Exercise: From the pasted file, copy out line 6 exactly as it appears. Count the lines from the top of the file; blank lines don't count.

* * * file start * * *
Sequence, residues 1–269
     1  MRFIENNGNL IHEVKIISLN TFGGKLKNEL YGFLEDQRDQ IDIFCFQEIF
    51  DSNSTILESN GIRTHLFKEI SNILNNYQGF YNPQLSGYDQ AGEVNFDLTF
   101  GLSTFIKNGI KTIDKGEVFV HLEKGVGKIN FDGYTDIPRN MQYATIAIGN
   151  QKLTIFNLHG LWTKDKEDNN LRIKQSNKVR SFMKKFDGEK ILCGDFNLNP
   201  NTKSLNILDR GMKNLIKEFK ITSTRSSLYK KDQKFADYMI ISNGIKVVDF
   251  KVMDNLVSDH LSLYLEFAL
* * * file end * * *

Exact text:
   201  NTKSLNILDR GMKNLIKEFK ITSTRSSLYK KDQKFADYMI ISNGIKVVDF